8 Tips for a Peaceful Mind

Restful Mind
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We can help ourselves to remain inwardly restful by learning to distinguish between helpful and harmful thinking. A short list of harmful thoughts could include exaggeration, catastrophizing (focusing only on the worst imaginable explanation), generalization (one problem means everything is a problem), self-deprecation, forecasting (if today is bad, tomorrow will be worse), and distortion.

In order to avoid getting drawn into harmful mental pathways, we need to learn to not take all thoughts equally seriously. Human beings tend to treat thoughts as significant for two reasons:

  1. If we watch a scary movie, we know it isn’t real because it is outside of ourselves. Our inner thoughts are very different, however. They are part of us, they exist within our heads, which makes them harder to ignore. The truth is that our thoughts don’t necessarily equal reality at all, any more than the movie. Thinking is an ability, rather than a reality. Thoughts can be only thoughts.
  2. We figure that if our brain took the time to generate the thought, it must have done so for an important reason. But we all know that our brains can produce thoughts that are serious or nonsense, useful or useless, sane or crazy, rational or absurd. Rather than saying to yourself, “If I think it, it must have some validity,” tell yourself, “There’s another thought, it may deserve my attention, or it may not.” The fact is that our brains are thought producing machines.

The following list contains several additional keys to maintaining a peaceful, restful mind:

  1. Teach your mind to stay on a life-giving path by regularly practicing a positive mental habit in a variety of situations, starting with the least difficult and expanding from there. We can develop pathways of peace for our brain to revert to when challenges to rest come our way.
  2. Learn from the times when you did succumb and allowed circumstances to dictate your response. Ask yourself, “Why did that happen? What could I have done differently? What can I learn for the future?”
  3. If possible, reduce exposure to the circumstance that triggered your negative thinking until your mind can get back onto a more restful track. For example, if the new is giving you anxiety, take a break. Give your mind rest from things that trigger strong emotions.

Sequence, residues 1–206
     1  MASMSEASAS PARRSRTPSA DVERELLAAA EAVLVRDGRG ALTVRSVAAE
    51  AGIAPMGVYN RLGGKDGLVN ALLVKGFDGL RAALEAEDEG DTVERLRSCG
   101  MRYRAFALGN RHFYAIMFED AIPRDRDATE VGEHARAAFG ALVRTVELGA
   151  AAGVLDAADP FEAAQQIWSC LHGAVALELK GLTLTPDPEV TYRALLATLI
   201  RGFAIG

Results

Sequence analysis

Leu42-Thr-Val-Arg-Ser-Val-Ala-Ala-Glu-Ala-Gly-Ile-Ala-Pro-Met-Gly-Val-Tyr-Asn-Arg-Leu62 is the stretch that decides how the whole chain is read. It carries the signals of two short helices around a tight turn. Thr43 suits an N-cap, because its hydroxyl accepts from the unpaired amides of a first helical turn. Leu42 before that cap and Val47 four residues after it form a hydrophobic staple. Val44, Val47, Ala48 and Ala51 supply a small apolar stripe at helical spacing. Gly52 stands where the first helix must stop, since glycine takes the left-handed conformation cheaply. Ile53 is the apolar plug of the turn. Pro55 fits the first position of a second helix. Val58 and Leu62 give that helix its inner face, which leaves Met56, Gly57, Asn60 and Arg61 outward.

4. Invite God to actively help shift your thinking toward inner rest. In the Old Testament book of Isaiah, we read this promise: “You will keep him in perfect peace, whose mind is stayed on You, because he trusts in You.” (Isaiah 26:3) Memorizing scripture and storing up God’s promises give us the wherewithal to overcome debilitating thinking. The apostle Paul also offers the following advice, “The weapons we fight with are not the weapons of the world. On the contrary, they have divine power to demolish strongholds. We demolish arguments and every pretension that sets itself up against the knowledge of God, and we take captive every thought to make it obedient to Christ.” (2 Corinthians 10:4-6)
  5. Paul calls on us to subject every thought to the filter of whether or not it reflects Christ’s principles and his desires for us. Get rid of negative thoughts by crowding them out. Mentally shift focus. Starve bad thoughts by turning your attention to more healthful ones. This replacement technique becomes easier if you proactively make positive “thought deposits” ahead of time by engaging in activities such as Bible study and prayer. Negative thoughts eventually fade if we don’t dwell on them or give them credence.
  6. Check in with a family member and/or trusted friend regarding persistent, anxiety-producing thoughts. Ask, “Am I thinking straight here?” In isolation, distorted thinking can become even more distorted and keep us at arm’s length from peace.
  7. Recognize that some situations are so impactful that they overwhelm our ability to sort out our thought processes at the time. Such intense circumstances hook into our feelings at a deep level and short-circuit our ability to stand back and choose a different mental pathway until sometime later. In their book, The Resilience Factor, authors Karen Reivigh, PhD and Andrew Shatte, PhD, comment, “In some cases, events are so severe that your reactions are driven by the event itself, not your beliefs about the event. When a loved one dies, the emotions that follow largely stem from the tragedy itself, not from one’s interpretations of the tragedy.”
  8. Be aware that some poisonous circumstances can exhaust our ability to sustain a life-giving thought pattern, and we may need, therefore, to carefully consider making a change. A horrendous boss or an abusive spouse can bombard our brains with such intense negativity that our own thought processes get distorted and we start to believe their terrible untruths. In such intense cases, we need to take appropriate action to restore our mental well-being, which may include seeing a mental health counselor.

We hear much about the need for bodily rest, but not nearly enough about inner rest for the mind. The quality of life we desire, and that God desires for us, will be determined mostly by “what is happening between our ears.” Paying attention to this inner world and learning how to bring it under control is one of the most impactful things we can do to discover new depths of calmness and peace.

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